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er, or by stamping the merit and dignity of the blood of Christ upon its works and performances; it never makes the death of Christ a cloke to cover fin, but an instrument to destroy it. And whatsoever doctrine it is which nourishes the pride of nature, to the disparagement of grace, or encourages licentiousness and fleshly lust, is not the doctrine of Christ, but a spurious offspring begotten by Satan upon the corrupt nature of man.

Inter. 7. If mortification be the great business and character ot a Christian, Then that condition is most eligible and desireable by Christians, -which is least of all expofed to temptation, Pro/. xxx. 8. "Give me neither poverty nor riches, but seed "me with food convenient." That holy judicious man was Well aware of the danger lurking in both extremes, and how near they border upon deadly temptations, and approach the very precipiece of ruin, that stand upon either ground: sew Chiistians have any head strong and steady enough to stand upon the pinacle of wealth and honour; nor is it every one that can grapple with poverty and contempt. A mediocrity is the Christians best external security, and therefore most desirable: and and yet how.do the corruption, the pride and ignorance of our hearts grasp and covet that condition which only serves to warm and nourish our lusts, and make the work of mortification much more difficult i Tis well for us, that our wise Father leaves us not to our own choice, that he frequently dashes our earthly projects, and disappoints our fond expectations. If children were left to carve for themselves, how often would they cut their own fingers?

Infer. 8. If mortification be the great business of a Christian, then Christian fellowship, and society duly managed, and improved, must needs be of singular use, and special advantage to the people of God. For thereby we have the friendly help and assistance of many other hands, to carry on our great design, and help us in our most difficult business; if corruption be too hard for us, others, this way, come in to our assistance, Gal. vi. 1, "Brethren, if a man be overtaken in a sault, ye which are spi"ritual restore such an one in the spirit of meekness." If temptations prevail, and overbear us that we sall under sin, it is a special mercy to have the reproofs, and counsels of our brethren, who will not suffer sin to rest upon us, Levit. xix. 17. Whilst we are stuggish and fleepy, others are vigilant, and careful for our sasety: The humility of another, reproves and mortifies my pride: The activity, and liveliness of another, awakens and quickens my deadnefs: The prudence, and gravity of another, detects and cures my levity and vanity; The hcavcnlineis, aud spirituality of another, may be exceeding useful, both to reprove, and heal the earthliness, and sensuality of ray heart. Two are better than one, but wo unto him that is alone. The devil is well aware of this great advantage, and therefore strikes with special malice sgainst embodied Christians, who are as a well disciplined army, whom he therefore more especially endeavours to rout, and scatter by persecutions, that thereby particular Christians may be deprived of the sweet advantages of mutual society.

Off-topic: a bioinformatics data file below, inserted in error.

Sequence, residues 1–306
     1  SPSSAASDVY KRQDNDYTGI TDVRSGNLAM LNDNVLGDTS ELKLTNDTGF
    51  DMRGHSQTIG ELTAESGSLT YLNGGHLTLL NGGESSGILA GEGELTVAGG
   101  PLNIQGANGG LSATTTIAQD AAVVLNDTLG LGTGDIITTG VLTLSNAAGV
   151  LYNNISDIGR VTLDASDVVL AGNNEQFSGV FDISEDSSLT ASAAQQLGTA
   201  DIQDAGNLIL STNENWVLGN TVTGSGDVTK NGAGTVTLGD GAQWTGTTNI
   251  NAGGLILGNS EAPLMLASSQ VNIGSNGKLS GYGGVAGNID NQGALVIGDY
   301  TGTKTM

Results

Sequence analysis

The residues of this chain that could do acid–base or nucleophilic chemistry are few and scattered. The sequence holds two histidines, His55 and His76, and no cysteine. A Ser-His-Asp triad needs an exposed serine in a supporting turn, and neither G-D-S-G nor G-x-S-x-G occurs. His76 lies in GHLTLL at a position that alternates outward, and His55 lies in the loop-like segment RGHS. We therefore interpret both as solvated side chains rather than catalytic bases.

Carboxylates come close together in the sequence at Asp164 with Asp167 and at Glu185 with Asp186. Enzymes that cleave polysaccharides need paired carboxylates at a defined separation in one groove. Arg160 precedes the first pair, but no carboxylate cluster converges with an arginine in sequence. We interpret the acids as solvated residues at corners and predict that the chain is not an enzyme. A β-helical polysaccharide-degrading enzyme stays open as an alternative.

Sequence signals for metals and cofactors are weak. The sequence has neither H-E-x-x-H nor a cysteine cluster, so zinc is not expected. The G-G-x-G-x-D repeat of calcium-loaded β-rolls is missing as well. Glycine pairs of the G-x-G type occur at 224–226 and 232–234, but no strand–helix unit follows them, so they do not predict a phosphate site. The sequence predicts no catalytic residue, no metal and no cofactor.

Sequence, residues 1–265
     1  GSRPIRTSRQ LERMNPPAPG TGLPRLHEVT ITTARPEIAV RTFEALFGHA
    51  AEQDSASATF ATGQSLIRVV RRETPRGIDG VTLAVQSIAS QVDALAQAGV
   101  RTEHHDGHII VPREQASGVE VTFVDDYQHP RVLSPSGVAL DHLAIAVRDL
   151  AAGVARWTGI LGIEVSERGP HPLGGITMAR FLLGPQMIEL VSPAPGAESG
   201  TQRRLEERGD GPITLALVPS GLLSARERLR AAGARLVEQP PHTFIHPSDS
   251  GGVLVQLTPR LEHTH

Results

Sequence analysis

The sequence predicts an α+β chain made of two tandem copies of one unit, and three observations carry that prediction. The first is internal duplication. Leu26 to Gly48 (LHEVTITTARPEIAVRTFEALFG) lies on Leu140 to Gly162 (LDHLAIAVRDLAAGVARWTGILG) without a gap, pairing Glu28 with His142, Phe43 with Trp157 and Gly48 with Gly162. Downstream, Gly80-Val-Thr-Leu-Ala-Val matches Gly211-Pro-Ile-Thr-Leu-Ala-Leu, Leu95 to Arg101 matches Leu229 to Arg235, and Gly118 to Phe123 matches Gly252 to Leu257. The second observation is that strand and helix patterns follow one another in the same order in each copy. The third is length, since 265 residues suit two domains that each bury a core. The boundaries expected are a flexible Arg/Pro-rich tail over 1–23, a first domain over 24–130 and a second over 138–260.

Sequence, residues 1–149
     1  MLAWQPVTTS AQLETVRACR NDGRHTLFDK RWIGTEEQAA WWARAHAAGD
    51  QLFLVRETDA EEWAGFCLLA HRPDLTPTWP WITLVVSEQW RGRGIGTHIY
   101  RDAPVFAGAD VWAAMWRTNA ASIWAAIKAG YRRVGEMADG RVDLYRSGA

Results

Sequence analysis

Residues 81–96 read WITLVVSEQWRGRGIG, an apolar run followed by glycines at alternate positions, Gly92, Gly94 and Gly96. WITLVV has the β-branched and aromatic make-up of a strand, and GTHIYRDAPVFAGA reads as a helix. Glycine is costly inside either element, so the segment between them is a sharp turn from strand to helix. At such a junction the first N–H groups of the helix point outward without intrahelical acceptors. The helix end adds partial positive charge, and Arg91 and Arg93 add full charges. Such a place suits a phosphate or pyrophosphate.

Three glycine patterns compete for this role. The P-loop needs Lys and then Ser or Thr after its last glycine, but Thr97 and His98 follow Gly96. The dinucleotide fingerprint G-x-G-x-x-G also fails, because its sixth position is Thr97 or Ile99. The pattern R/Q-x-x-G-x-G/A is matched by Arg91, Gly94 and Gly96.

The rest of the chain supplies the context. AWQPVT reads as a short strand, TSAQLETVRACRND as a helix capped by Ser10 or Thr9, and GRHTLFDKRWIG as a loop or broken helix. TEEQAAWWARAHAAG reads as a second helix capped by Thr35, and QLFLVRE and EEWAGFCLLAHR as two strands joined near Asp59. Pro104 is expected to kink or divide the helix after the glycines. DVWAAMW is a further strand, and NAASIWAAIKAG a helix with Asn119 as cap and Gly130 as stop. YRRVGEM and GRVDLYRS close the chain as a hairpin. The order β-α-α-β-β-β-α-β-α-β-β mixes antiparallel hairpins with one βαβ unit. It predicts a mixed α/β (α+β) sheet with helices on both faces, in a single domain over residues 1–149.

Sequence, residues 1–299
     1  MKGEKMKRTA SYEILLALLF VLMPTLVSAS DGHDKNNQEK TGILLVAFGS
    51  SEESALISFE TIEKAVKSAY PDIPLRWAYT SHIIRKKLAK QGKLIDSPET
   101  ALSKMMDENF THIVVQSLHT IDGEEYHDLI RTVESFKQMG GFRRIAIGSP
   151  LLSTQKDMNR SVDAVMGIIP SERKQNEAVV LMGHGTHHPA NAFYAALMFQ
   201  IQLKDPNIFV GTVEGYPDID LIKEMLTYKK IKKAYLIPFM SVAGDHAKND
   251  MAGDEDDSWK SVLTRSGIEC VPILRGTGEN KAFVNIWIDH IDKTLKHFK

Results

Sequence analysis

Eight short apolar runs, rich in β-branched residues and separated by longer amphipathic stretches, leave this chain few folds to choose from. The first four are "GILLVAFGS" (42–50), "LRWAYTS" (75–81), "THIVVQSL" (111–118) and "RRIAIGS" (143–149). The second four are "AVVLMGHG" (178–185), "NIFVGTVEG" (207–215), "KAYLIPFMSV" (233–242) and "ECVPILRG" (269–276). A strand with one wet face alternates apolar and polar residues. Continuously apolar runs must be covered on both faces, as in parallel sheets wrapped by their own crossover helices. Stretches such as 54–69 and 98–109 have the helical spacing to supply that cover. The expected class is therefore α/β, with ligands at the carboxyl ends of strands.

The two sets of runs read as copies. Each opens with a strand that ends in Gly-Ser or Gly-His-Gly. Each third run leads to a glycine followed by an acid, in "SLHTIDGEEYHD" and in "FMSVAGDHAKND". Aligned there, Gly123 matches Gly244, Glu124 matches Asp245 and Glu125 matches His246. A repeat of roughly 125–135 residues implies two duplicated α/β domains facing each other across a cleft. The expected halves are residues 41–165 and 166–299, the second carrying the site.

Inser, p. How deeply hath sin fixed its roots, in cur corrupt nature, that it should be the constant work of a Christian's whole tife, to mortify and destrqy it ? God hath given us many excellent helps, his Spirit within us, variety of ordinances and duties are also appointed as instruments of mortification: And from the very day of regeneration unto the last moment of dissolution, the Christian is daily at work, in the use of all sanctified means, external and internal, yet can never dig up, and destroy corruption at the root all his lise long. The most eminent Christians, of longest standing in religion, who have shed millions of tears for sin, and poured out many thousand prayers for the mortification of it, do, after all, find the remains of their old disease, that there is still lise, and strength in those corruptions which they have given so many wounds unto in duty. O the depth, and strength of sin! which nothing can separate from us, but that which separates our souls and bodies. And upon that account, the day of a believer's death, is better than the day of his birth. Never till then, do we put off our armour, sheath our sword, and cry victory, victory.